Stickers used in messaging applications are delivering healthy revenues for Asian technology firms, and as the craze starts to sweep the Western world, more companies are looking for a slice of the cash.
The stickers, otherwise known as emojis are more advanced siblings of emoticons and have been a firm part of Japanese tech culture for the last ten years. After spreading first to the rest of Asia, they are now reaching the Western world, boosted by Apple's inclusion of them in its iOS5 software.
Stickers can be anything from simple smileys to dancing pandas, and can express a range of emotions. Their global acceptance was underlined last week with the release of pop star Katy Perry's latest music video, which heavily featured the colorful images.
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But behind the cuteness lies cash. Japanese company Line, credited as one of the first companies to monetize the trend, announced core revenue of 9.77 billion yen ($100 million) in its second quarter. Sticker purchases made up 27 percent ($27 million) of revenue, and the company hopes to have 300 million subscribers by the end of the year. In a press conference on Tuesday, Line revealed there have been over 7 billion messages and 1 billion stickers sent as of August 2013, according to industry blog SD Japan.
Korean rival, Kakao Talk, is having a similar boom. Its mobile games service generated 348 billion Won ($311 million) in revenue during the first half of 2013.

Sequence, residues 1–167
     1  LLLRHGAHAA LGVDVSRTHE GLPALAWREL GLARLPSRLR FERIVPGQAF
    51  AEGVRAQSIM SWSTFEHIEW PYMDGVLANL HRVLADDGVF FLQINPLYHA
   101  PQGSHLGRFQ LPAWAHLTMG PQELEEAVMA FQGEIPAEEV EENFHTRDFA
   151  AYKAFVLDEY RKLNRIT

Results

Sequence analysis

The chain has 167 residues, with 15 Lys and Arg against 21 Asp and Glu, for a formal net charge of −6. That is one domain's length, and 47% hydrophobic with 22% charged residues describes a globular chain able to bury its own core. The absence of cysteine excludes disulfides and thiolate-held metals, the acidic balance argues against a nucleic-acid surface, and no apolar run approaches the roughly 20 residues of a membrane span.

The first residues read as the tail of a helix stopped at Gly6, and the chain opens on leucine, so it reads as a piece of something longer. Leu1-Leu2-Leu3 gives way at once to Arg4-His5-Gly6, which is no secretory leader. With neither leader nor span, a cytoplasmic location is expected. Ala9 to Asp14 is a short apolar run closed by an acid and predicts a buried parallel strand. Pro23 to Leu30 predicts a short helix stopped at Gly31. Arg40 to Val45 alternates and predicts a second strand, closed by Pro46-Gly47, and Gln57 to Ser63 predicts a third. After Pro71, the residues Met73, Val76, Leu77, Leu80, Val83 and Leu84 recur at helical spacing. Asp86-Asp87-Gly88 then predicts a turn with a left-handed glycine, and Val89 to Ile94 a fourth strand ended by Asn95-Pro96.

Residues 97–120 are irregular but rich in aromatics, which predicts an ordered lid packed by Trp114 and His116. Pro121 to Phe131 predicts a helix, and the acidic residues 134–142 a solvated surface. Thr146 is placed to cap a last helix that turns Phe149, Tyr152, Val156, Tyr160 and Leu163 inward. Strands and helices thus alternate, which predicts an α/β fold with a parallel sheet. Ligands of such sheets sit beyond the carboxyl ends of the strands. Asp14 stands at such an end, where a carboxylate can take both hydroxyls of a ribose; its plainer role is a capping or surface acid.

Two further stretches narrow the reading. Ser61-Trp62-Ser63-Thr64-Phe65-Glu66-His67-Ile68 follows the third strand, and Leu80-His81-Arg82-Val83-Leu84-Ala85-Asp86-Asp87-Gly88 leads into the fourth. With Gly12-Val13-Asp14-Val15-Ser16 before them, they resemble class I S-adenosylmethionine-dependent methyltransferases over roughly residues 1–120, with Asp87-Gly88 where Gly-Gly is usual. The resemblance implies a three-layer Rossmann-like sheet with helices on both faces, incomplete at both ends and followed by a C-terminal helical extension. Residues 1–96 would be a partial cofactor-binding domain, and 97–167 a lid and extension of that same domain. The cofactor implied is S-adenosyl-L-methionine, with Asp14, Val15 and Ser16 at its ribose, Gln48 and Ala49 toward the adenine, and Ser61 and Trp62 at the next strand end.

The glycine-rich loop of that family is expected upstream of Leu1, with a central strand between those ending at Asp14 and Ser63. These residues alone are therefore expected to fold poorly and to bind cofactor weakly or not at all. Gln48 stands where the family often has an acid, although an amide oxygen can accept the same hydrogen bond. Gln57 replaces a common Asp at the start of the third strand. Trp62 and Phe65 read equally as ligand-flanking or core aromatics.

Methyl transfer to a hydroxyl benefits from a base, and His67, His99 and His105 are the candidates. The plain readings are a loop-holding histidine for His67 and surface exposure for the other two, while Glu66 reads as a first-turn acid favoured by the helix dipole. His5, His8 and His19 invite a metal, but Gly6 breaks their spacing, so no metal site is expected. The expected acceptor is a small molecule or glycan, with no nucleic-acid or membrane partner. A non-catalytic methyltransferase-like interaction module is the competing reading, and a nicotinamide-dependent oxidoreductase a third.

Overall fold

"You can see how many tens of millions they are doing every quarter, it's very profitable," Riku Salminen, CEO of Jongla, a Finnish messaging app provider, told CNBC.
Jongla launched its first messaging app last year, after the company was established in 2009. Salminen has instituted the "Jongla Way" at the firm, using local content from local illustrators around the globe, who create graphics suited to separate cultures.
The firm's instant messaging app is free to download, and 50 percent of the stickers are free. But the 50 percent that aren't free drive nearly all of the company's revenues, despite selling for less than two dollars per pack.
Fledgling U.S. startup Messageme has also jumped on the bandwagon, as too has Facebook, which has started offering an array of free emojis and has integrated a "sticker store".
Tessa Mansfield, senior vice president at research firm Stylus, said that from a marketing perspective, the stickers were best used in promotions and merchandising, linked in with a new movie release or pop song.
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"The rise of stickers and emoticons is absolutely rooted in the ubiquity of the modern smartphone, and the emergence of a tech-literate generation of teenagers," she told CNBC.
"This fun, quirky communication method has developed as a kind of 'digital slang' for young teens, delivering the rapid, image-led messaging mirrored in apps such as Snapchat. It also appeals to the desire to collect and accumulate - allowing teens to curate individual collections of special edition and celebrity-led stickers to personalize their digital conversations."
By CNBC.com's Matt Clinch. Follow him on Twitter @mattclinch81